Where can you purchase ducting for the Ebac DD300 and DD200

Where can you purchase ducting for the above dryers?


The Ebac DD200D and DD300 are designed for connection to standard size ducts. Ducting may be purchased from a variety of dehumidifier suppliers and if a supplier specializing in dehumidifiers and related products carries these two models that supplier will usually carry suitable ducting.

Your submission did not include your location and I will assume you are based in the USA. An example of a supplier I can recommend in the USA is sylvane.com.

Tom (Webmaster)

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Crawlspace Dehumidifier Ducting

by Bob Sigler

I want to install a Santa Fe dehumidifier in my attached garage and run a discharge duct from the machine, through the common cinder block foundation wall into my crawlspace. The duct could possibly tee into two ducts to provide more equal distribution of the dry air. The single duct that would penetrate the cinder block would be about 22 ft. and each branch of the tee would be about 15 ft. The return duct would penetrate the cinder block and extend about 8ft.

I was told by a crawlspace contractor who uses the Santa Fe that ducting the machine would not work nearly as well as an unducted machine placed directly into the crawlspace. Having access to replace filters as well as other attention the machine may require is important to me as I can not crawl around under the house. I can understand a small drop in fan efficiency due to turbulence inside the duct but a large drop in overall performance escapes my understanding.

Can you tell me if the contractors statement is correct? I have about 1600 sq.ft. at 36 in. height and planned to use the Santa Fe Advance machine.

Thank you,


Hi Bob, thanks for your question.

It is clear from your question that you have no option other than ducting this dehumidifier. I share your view that there will be some loss in fan efficiency using the ducted option but this should be relatively small.

Therma-Stor, the manufacturer of Santa Fe Dehumidifiers, states that the Santa Fe Advance has these characteristics:

"Blower: 220 CFM without ducting
215 CFM with duct kit

Sized for: 2200 Sq. Ft. - Typical"

They further state:

"Optional Ductability: Attaching ductwork to the unit promotes air circulation throughout the crawlspace allowing for the location of the unit by the crawlspace access door for convenience. The unit may also be located remotely when space doesn't allow for placement in the crawlspace." (my emphasis)

The source of this information is:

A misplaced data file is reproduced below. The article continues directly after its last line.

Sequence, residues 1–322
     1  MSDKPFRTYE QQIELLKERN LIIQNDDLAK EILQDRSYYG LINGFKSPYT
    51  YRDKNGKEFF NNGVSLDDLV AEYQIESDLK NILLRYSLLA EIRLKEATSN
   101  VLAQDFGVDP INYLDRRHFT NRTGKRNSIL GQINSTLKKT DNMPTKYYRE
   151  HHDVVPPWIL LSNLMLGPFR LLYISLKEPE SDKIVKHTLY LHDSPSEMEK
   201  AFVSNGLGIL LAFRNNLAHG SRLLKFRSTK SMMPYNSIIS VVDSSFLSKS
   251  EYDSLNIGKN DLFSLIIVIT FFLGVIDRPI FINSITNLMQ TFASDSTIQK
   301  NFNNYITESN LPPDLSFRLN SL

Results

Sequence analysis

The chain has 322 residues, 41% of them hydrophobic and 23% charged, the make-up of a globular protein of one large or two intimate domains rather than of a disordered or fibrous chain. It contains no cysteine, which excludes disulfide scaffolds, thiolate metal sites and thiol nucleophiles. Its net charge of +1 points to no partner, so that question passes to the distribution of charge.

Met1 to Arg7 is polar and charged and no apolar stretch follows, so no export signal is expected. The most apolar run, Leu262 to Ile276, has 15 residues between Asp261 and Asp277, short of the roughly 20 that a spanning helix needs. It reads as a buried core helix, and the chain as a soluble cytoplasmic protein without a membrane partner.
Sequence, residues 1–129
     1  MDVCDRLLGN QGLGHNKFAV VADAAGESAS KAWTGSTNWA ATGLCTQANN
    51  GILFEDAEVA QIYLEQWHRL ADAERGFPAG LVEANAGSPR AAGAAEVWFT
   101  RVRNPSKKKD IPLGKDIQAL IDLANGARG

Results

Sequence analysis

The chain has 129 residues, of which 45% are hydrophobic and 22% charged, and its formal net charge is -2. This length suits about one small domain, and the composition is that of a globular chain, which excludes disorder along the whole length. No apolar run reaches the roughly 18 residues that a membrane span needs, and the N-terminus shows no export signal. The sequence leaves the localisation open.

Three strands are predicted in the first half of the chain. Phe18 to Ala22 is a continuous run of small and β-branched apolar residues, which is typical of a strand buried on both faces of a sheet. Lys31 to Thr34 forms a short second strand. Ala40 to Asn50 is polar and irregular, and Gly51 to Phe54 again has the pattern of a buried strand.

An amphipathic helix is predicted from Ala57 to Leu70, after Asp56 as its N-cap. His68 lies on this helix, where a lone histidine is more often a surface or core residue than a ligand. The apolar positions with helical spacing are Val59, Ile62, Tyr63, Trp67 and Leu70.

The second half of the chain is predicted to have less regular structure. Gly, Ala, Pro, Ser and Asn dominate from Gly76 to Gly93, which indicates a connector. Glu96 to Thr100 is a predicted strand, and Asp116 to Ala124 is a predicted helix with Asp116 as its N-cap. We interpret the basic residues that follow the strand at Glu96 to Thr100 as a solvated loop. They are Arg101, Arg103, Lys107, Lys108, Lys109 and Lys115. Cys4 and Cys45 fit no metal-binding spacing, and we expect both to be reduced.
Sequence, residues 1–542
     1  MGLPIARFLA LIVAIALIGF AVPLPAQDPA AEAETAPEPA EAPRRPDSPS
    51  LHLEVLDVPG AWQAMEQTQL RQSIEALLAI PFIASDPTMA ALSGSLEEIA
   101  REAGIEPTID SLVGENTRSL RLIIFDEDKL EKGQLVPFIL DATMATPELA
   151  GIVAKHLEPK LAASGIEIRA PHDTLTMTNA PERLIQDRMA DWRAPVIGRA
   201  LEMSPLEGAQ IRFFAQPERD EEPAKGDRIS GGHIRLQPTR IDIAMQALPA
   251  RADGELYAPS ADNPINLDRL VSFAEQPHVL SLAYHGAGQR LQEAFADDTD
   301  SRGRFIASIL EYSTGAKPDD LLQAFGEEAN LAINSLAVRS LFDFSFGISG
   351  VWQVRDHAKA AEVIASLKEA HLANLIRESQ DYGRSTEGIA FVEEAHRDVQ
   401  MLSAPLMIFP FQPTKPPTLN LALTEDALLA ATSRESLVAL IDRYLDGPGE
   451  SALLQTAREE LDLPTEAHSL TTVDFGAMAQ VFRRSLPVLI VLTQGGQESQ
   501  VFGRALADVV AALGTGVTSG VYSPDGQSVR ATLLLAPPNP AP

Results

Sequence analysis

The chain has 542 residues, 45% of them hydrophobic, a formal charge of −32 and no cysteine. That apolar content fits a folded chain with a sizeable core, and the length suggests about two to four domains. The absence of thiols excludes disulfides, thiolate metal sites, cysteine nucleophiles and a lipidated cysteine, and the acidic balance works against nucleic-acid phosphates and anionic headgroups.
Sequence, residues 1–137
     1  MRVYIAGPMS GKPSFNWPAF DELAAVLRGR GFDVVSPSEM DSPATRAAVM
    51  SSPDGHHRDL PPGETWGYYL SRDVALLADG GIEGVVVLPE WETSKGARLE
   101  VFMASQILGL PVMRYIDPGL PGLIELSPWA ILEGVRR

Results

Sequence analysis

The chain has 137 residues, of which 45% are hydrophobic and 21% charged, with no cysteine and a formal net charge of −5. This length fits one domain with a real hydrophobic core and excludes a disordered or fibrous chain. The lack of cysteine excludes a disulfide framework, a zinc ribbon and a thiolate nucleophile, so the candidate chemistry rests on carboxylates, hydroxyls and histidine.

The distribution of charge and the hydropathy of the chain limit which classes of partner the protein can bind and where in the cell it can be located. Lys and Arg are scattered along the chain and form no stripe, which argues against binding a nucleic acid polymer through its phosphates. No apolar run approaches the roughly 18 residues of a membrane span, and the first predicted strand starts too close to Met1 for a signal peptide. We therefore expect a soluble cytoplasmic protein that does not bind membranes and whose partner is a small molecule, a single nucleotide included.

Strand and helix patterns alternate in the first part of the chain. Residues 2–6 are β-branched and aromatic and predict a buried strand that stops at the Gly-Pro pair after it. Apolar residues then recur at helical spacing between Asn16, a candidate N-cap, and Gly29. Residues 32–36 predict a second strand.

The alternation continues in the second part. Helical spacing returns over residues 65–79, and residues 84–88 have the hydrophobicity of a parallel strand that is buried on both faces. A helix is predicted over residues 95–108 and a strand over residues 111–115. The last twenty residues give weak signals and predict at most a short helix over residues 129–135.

This indicates that the loss in fan efficiency is marginal, that the circulation of air enables dehumidification throughout the whole crawl space area, that the size of your crawl space is well within the capabilities of this unit and that remote, ducted installation is an effective alternative to locating the unit in stand alone mode in the crawl space. Therma-Stor is a highly respected manufacturer of dehumidifiers with an impressive track record and there is no reason to doubt the information published on their web site.

Your crawl space does not have a large clearance and if the 36" you quote is consistent throughout the area the volume to be dehumidified is 4,800 cubic feet. Bearing that in mind these two customer reviews may be reassuring:

1. "I purchased this dehumidifier from Sylvane.com and I'm very impressed. My 1600 sq. ft. crawlspace was between 75 and 80% humidity with visible moisture on the vapor barrier, insulation, and hvac pipes. There was also a moist smell to the air in the space. I ordered the unit and received it in 2 days with free shipping, which is really impressive.

Installation was easy. I installed it alone, but a second person to help carry it would have made it a bit easier. Now, less than 24 hours after install, the humidity level is at 45% and all visible signs of moisture are gone. I was shocked and really happy to see these results this morning. My crawlspace is almost 7000 cubic feet so this unit must really be a workhorse to take care of it that quickly. Obviously, I highly recommend purchasing this unit. As long as you have a power source where you plan to install then anyone could do the install themselves. Put the unit in place, level it, turn it on, problem solved.